The Pew Charitable Trusts' Financial Security Portfolio is pleased to provide comments in response to the Consumer Financial Protection Bureau's Advanced Notice of Proposed Rulemaking on General Purpose Reloadable Prepaid Cards. In December 2011 and January 2012, the Portfolio analyzed the account agreements, fee schedules, and other web pages for the 52 GPR prepaid cards that are available for purchase online from the American Express, MasterCard, and VISA websites. This sample, which represents at least 75 percent of the market, typifies the type of prepaid cards a consumer can choose. Pew's quantitative research report on these cards, Loaded with Uncertainty: Are Prepaid Cards a Smart Alternative to Checking Accounts?, will be published next month. Pew also conducted qualitative research using focus groups with consumers who purchase and use prepaid debit cards. Key Focus Group Findings on Prepaid Cards provides details on the results of these discussions. Pew's comments herein are based on the data and analysis from both of these research projects.
General purpose reloadable (GPR) prepaid cards are often thought of as an alternative to a checking account. They are a burgeoning product; in 2009, consumers loaded $28.6 billion onto these cards, and by 2013 that figure is expected to reach $116.9 billion.
Given that prepaid cards can be used as a substitute for, as well as in addition to, a checking account, Pew compared the terms, fees, and conditions provided by GPR prepaid cards with those for checking accounts. Both products are used by consumers to receive deposits, make point-of-sale purchases, pay bills, and withdraw cash from ATMs. However, despite these shared purposes, significant differences exist between them. Most notably, the checking account has a fairly uniform fee structure, is federally regulated through mandated consumer protection laws, and carries up to $250,000 in federal insurance against bank failures. In contrast, the GPR prepaid card market is evolving, with an array of fee structures and services offered. The cards also currently lack meaningful federal consumer protection regulations and oversight.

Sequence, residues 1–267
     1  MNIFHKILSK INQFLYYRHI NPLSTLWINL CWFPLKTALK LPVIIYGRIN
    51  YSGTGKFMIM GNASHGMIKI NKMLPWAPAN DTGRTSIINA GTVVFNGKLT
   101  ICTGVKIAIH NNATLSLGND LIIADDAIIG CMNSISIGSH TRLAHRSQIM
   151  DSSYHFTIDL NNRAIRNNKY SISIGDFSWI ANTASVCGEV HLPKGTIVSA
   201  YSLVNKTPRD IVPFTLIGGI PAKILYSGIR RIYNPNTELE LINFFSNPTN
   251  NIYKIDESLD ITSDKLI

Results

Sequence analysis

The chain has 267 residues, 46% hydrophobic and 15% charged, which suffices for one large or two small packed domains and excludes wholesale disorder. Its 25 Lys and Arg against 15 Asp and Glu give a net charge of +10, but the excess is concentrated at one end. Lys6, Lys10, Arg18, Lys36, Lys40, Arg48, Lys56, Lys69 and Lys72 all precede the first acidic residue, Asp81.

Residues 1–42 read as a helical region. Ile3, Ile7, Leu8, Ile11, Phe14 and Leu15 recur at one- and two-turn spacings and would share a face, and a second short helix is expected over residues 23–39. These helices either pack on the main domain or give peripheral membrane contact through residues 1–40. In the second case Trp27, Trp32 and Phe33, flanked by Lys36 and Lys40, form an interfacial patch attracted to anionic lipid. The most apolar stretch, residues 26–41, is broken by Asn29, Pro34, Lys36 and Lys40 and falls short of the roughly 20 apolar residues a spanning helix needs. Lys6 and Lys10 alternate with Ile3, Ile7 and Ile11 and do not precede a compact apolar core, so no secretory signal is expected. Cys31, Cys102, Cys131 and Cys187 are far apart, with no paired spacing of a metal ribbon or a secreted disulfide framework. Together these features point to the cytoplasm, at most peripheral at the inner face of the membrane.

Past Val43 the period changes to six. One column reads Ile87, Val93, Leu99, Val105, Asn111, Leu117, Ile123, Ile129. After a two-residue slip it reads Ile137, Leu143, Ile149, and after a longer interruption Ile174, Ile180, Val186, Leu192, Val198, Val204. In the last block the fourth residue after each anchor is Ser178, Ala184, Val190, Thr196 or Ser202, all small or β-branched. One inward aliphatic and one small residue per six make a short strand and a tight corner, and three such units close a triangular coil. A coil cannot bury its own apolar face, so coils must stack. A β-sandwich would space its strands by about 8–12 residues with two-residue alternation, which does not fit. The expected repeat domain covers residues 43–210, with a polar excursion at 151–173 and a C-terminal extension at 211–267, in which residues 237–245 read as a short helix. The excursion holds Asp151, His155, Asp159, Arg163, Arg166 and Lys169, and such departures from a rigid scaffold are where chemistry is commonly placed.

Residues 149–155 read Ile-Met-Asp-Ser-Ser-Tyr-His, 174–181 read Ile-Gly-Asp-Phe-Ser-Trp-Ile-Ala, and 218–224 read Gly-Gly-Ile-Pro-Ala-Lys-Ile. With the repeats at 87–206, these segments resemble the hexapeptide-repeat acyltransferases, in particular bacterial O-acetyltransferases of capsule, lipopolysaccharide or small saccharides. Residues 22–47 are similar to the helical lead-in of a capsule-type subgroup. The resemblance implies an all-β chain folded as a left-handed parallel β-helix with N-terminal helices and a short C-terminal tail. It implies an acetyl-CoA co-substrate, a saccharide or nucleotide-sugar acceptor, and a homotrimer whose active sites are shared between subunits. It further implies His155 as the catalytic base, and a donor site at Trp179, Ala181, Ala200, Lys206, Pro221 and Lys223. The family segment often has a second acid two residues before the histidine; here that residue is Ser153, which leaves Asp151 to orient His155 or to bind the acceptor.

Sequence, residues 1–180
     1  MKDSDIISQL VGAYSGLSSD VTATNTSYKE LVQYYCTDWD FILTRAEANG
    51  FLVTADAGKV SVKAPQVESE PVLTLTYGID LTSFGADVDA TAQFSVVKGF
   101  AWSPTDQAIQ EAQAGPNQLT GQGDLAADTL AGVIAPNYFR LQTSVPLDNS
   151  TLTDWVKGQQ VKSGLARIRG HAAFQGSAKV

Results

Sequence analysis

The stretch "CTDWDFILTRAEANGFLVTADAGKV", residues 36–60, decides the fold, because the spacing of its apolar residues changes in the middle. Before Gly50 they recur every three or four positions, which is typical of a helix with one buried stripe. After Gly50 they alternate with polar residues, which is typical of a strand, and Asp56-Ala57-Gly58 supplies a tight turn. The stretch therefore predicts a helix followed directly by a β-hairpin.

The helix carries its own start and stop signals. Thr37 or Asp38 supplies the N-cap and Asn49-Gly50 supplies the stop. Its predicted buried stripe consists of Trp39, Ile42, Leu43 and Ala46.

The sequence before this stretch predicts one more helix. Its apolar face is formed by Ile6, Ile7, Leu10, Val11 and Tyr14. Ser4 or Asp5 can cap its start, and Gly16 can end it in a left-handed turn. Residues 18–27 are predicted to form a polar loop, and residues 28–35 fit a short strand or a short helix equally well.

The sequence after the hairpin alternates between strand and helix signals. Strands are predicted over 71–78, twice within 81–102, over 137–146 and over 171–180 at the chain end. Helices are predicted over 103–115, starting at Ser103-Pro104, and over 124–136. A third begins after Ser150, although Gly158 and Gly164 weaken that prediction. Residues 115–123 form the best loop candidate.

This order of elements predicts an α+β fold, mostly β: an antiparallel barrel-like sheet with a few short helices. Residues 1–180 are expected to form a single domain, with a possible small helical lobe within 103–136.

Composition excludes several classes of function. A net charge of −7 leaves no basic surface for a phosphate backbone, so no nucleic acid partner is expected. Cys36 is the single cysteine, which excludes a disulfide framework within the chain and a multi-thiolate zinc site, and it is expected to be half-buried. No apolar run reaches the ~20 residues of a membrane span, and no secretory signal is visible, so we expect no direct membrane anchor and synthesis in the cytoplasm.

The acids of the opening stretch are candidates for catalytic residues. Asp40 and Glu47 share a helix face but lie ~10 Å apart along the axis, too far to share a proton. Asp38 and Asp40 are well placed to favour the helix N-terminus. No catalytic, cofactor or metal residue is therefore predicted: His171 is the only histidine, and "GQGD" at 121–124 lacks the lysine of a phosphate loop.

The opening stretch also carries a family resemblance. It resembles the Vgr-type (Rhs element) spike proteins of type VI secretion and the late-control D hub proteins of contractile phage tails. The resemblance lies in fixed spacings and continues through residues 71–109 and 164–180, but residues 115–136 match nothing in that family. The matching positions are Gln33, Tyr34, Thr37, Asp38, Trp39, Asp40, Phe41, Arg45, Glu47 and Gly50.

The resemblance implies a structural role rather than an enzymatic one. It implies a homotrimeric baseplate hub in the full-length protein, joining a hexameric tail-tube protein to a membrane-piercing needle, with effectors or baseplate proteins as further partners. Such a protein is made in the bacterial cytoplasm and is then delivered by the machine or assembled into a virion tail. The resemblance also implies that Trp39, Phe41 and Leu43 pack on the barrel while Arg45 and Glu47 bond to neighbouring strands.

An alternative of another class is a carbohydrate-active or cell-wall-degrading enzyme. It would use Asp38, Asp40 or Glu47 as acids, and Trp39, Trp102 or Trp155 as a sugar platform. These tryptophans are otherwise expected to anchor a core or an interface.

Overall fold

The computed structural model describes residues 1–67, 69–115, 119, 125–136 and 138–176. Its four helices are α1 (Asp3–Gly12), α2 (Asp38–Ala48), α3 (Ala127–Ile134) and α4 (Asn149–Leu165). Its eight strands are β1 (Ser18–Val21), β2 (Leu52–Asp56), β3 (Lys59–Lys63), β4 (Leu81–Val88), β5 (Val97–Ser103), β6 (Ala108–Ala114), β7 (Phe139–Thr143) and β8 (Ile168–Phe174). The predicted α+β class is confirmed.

GPR prepaid cards are marketed, sold, and maintained by companies that are known as “program managers.” Most program managers are not banks, but rather keep funds in “pooled accounts” in banks. If a program manager follows the rules outlined by the Federal Deposit Insurance Corporation (FDIC) for insuring funds in a pooled account, these cards can be insured for up to $250,000.
Funds can be loaded and reloaded onto GPR prepaid cards through cash loads, direct deposit, and bank transfers. Of the 52 cards Pew studied, 98 percent allow for cash loads, 92 percent permit direct deposits, and 58 percent provide at least one way to add money from a bank account. When the card balance is depleted, it may be reloaded with additional funds.